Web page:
“And Jesus came and said to them, “All authority in heaven and earth has been given to me. Go therefore and make disciples of all nations , baptizing them in the Name of the Father, and of the Son, and of the Holy Spirit, teaching them to observe all that I have commanded you. And behold, I am with you always, to the end of the age (Matthew 28:18-20).”  Our Lord has authority and He uses that authority for your sake to teach and to cleanse you with water and His Word. All authority has been given to this Jesus, authority to judge you not on your sins and actions, but on His action of bearing your sins on cross. All authority has been given to Him and He uses it to always be with you. O, how that is needed!

The authority we have, we so often neglect or abuse. Husbands, by nature, treat headship as Lordship rather than use it to sacrificially, day in, and day out, lay down their life for their wife. “Why do that?  That doesn’t sound very advantageous for me!”  Parents can abuse their authority in anger and frustration, rather than leading by example and teaching their children in the way of the Lord. Authority given to us to love and serve those in our lives is often neglected due to laziness, lack of motivation, or pursuits that seemingly have a little more personal gain.

Yet, lack of authority given to us can be equally as damaging to our ego. Rather than willingly submit to those God has given over us, we willfully, whether in thought, words, or deed, revolt against His created order. Authority we have, we by nature abuse!  Authority we don’t have, we so often long for.

How great was the need for He, through whom all things were created, to be made man and use authority given to Him perfectly while at the same time perfectly submitting Himself to those who had authority over Him!  How great was the need for the Son of God, who had all authority from the beginning, with the Father and Holy Spirit, to submit Himself under the authority of His Father, who hates sin, and be made sin and bear that punishment for us! How great was need for “this Jesus to be delivered up according to the definite plan and foreknowledge of God to be crucified and killed by lawless men” (Acts 2) for the sake of we lawless men and women and our abuse of authority and all our sins and fleshly doubts!  How great is the need for this Jesus to use His authority to cleanse us in Baptism and give us His forgiveness!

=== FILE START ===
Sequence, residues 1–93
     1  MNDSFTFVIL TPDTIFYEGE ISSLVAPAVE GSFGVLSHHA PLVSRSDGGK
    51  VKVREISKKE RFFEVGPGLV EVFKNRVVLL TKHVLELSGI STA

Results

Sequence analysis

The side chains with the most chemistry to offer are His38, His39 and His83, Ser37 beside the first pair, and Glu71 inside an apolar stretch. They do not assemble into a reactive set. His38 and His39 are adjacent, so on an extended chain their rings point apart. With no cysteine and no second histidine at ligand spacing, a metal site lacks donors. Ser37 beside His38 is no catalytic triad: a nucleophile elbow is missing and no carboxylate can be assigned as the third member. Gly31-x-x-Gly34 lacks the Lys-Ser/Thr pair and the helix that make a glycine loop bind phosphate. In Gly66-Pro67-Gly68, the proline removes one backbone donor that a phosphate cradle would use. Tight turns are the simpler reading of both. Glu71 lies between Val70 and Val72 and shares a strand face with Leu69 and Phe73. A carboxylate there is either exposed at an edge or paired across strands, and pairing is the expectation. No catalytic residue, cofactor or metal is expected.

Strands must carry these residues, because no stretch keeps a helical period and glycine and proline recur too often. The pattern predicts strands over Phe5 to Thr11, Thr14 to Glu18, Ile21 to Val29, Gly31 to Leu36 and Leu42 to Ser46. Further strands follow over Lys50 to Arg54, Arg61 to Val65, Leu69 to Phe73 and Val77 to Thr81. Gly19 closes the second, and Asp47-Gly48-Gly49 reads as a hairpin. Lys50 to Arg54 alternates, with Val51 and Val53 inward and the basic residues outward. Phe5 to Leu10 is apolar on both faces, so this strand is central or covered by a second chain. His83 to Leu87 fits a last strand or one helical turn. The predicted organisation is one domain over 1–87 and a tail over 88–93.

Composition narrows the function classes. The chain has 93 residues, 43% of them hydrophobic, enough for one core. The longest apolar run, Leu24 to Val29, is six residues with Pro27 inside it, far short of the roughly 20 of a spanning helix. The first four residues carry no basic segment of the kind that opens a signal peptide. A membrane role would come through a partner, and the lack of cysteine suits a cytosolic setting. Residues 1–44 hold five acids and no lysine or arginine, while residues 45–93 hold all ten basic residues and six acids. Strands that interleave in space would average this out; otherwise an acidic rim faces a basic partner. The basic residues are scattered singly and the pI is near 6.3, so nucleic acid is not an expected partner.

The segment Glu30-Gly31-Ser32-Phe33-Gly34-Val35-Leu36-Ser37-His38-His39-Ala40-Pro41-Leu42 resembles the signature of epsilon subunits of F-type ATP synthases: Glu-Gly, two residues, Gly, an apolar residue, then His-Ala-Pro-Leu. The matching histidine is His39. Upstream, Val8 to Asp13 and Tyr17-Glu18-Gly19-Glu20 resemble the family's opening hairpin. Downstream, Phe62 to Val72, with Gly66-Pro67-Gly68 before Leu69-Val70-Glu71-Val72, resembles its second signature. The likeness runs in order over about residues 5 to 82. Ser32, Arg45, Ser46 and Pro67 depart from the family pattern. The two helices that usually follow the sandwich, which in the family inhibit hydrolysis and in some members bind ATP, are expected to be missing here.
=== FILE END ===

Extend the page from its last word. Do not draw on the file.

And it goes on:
This Trinity Sunday, we confess the Athanasian Creed with the faith given to us by Holy Spirit. We confess that we worship one God in Trinity and Trinity in Unity, neither confusing the persons nor dividing the substance. We confess because there are questions in the world, in us, about what we believe. We confess this creed because that’s what Scripture teaches.

However, with more emphasis, we confess God’s love; within Himself and for us. To understand and see the Trinity, the Holy Spirit doesn’t lead you to think of apples or shamrocks or the three phases of water. He gives you to think of the cross of Jesus and therein love from God as deep as His nature. He gives you to think of your Baptism and therein a gracious mystery of incorporating you into His holy Name. He gives you to think of the present Triune God here to serve you in all your doubts and weaknesses and forgive you of all your sins.

You want to see the Trinity?  Look at the cross of the Christ. There the Father handed over the Son for your peace and forgiveness. There the Holy Spirit keeps pointing you back to, even as He brings to you the fruits of that act of love now.

In the Name of the Father, and of the Son, and of the Holy Spirit. Amen.

Luther Memorial Chapel & University Student Center | 3833 N Maryland Ave | Shorewood, WI  53211
(414) 332-5732 |lmcusc@lmcusc.org

Divine Service: Sundays - 9:00a Mondays - 7:00p Bible Study & Sunday School: Sundays - 10:45a